For the Love of God: The Bible as an Open Book
Rutgers University Press, 2007 - 164 páginas
Choice Outstanding Academic Title of 2008
Alicia Ostriker named to Moment Magazine's list of Ten Great Jewish Poets, 2011Quoting King Solomon's famous prayer to God at the Temple in Jerusalem, "Behold, the heaven of heavens cannot contain thee; how much less this house that I have builded," Alicia Suskin Ostriker posits a God who cannot be contained by dogma and doctrine. Troubled by the way the Bible has become identified in our culture with a monolithic authoritarianism, Ostriker focuses instead on the extraordinary variability of Biblical writing.
For the Love of God is a provocative and inspiring re-interpretation of six essential Biblical texts: The Song of Songs, the Book of Ruth, Psalms, Ecclesiastes, Jonah, and Job. In prose that is personal and probing, analytically acute and compellingly readable, Ostriker sees these writings as "counter-texts," deviating from convention yet deepening and enriching the Bible, our images of God, and our own potential spiritual lives. Attempting to understand "some of the wildest, strangest, most splendid writing in Western tradition," she shows how the Bible embraces sexuality and skepticism, boundary crossing and challenges to authority, how it illuminates the human psyche and mirrors our own violent times, and how it asks us to make difficult choices in the quest for justice.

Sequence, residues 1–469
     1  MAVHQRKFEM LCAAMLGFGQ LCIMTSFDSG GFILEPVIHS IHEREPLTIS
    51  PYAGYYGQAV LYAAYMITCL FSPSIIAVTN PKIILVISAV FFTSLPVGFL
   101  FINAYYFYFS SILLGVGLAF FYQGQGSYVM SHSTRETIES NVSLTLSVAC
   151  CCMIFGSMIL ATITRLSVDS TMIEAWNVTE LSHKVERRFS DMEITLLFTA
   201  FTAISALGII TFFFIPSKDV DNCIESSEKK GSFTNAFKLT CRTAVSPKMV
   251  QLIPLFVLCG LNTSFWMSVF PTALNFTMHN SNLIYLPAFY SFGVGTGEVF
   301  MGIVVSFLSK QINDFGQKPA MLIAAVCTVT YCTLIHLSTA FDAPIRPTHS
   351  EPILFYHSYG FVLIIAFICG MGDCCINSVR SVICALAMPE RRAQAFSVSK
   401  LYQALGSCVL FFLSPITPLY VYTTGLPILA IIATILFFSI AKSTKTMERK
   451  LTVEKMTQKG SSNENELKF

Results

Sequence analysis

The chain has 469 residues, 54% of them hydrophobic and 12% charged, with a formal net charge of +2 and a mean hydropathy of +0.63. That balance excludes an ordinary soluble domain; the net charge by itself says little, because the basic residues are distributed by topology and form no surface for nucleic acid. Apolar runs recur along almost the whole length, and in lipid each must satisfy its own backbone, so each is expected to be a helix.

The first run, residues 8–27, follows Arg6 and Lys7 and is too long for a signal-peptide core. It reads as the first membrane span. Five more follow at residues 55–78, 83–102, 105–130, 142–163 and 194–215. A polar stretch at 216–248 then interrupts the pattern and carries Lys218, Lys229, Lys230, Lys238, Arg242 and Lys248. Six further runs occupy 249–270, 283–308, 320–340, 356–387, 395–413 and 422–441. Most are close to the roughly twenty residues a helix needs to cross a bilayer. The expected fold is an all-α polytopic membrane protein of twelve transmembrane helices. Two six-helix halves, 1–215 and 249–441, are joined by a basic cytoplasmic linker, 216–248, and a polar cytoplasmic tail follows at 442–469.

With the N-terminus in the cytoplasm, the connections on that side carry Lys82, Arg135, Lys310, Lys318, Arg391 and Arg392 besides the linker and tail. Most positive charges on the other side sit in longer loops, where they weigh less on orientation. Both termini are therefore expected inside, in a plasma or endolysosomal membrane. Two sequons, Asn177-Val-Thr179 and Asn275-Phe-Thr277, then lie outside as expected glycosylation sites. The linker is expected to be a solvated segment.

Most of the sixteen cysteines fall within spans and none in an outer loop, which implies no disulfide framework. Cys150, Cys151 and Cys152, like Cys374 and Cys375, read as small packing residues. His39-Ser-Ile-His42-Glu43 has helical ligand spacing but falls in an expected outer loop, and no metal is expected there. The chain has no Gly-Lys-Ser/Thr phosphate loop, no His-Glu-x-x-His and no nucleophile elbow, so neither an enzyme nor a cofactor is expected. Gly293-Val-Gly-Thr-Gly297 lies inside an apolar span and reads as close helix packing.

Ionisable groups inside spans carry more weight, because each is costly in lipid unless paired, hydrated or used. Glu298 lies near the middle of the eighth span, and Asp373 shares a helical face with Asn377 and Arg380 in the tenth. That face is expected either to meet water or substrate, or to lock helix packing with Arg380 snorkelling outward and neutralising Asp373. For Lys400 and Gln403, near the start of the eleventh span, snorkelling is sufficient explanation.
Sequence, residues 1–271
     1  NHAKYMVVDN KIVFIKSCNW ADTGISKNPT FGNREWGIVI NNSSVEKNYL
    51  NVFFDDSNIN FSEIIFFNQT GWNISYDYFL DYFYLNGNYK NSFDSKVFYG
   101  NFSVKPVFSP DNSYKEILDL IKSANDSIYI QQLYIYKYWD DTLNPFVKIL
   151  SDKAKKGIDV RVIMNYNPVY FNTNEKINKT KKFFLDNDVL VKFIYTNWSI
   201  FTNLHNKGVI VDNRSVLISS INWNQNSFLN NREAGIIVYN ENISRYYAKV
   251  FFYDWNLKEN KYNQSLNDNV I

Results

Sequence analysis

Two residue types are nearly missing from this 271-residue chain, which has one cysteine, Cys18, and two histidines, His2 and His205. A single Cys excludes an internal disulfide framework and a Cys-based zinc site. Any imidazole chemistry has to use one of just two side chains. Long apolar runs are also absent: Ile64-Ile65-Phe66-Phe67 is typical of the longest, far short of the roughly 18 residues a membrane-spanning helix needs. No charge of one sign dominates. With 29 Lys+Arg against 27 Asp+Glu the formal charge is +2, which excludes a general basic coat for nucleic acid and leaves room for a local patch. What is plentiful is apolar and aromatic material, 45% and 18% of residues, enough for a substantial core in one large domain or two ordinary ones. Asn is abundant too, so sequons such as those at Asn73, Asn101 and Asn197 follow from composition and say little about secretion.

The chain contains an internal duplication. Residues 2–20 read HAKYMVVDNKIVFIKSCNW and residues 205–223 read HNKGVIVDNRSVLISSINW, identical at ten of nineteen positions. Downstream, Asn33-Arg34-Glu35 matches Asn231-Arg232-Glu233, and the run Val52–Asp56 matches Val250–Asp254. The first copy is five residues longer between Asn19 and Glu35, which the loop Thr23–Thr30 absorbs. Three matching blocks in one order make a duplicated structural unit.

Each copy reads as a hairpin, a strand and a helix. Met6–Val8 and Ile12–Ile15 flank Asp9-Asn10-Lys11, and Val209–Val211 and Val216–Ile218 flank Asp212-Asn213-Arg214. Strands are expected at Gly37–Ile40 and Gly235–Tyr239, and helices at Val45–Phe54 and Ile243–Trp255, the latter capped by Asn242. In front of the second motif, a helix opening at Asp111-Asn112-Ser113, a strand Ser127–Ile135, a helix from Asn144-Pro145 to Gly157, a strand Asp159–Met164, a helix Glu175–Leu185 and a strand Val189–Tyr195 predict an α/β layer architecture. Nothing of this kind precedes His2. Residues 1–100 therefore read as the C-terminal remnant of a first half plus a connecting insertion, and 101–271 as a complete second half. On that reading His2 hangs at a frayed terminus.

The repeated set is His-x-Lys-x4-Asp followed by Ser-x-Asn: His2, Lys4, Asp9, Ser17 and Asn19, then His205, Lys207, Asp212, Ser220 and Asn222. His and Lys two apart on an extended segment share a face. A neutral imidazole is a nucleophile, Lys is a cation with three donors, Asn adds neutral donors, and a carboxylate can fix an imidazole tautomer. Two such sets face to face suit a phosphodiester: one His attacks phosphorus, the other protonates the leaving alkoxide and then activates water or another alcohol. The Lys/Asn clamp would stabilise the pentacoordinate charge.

For better or worse, our society is wedded to the Bible. But according to Talmud, "There is always another interpretation." Ostriker demonstrates that the Bible, unlike its reputation, offers a plenitude of surprises.
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The story of that beginning is told in The Nakedness of the Fathers: Biblical Visions and Revisions, a combination of prose and poetry, midrash and autobiography, re-imagining biblical stories from Genesis to Job and beyond.
The story of Jonah, read on the Day of Atonement, is of profound psychological and political import, today as well as in ancient times. My chapter on Job, the biblical text that originally impelled me on this journey, is a fresh attempt ...
Grateful acknowledgment is made to the following for permission to reprint: The lines by Alta beginning “I felt the joy” are from “Putting It All Down in Black & White,” from The Shameless Hussy: Selected Stories, Essays and Poems ...
A charming corollary is the Hassidic story of the student who hid under his rabbi's bed and heard him chatting and laughing while making love with his wife. However exceptional the tale, there is something quintessentially Jewish in its ...
Whereas the Hebrew Bible concerns itself overwhelmingly with obedience and the New Testament responds by concerning itself with repentance and salvation, the Song inscribes an alternative story of voluntary love and pleasure.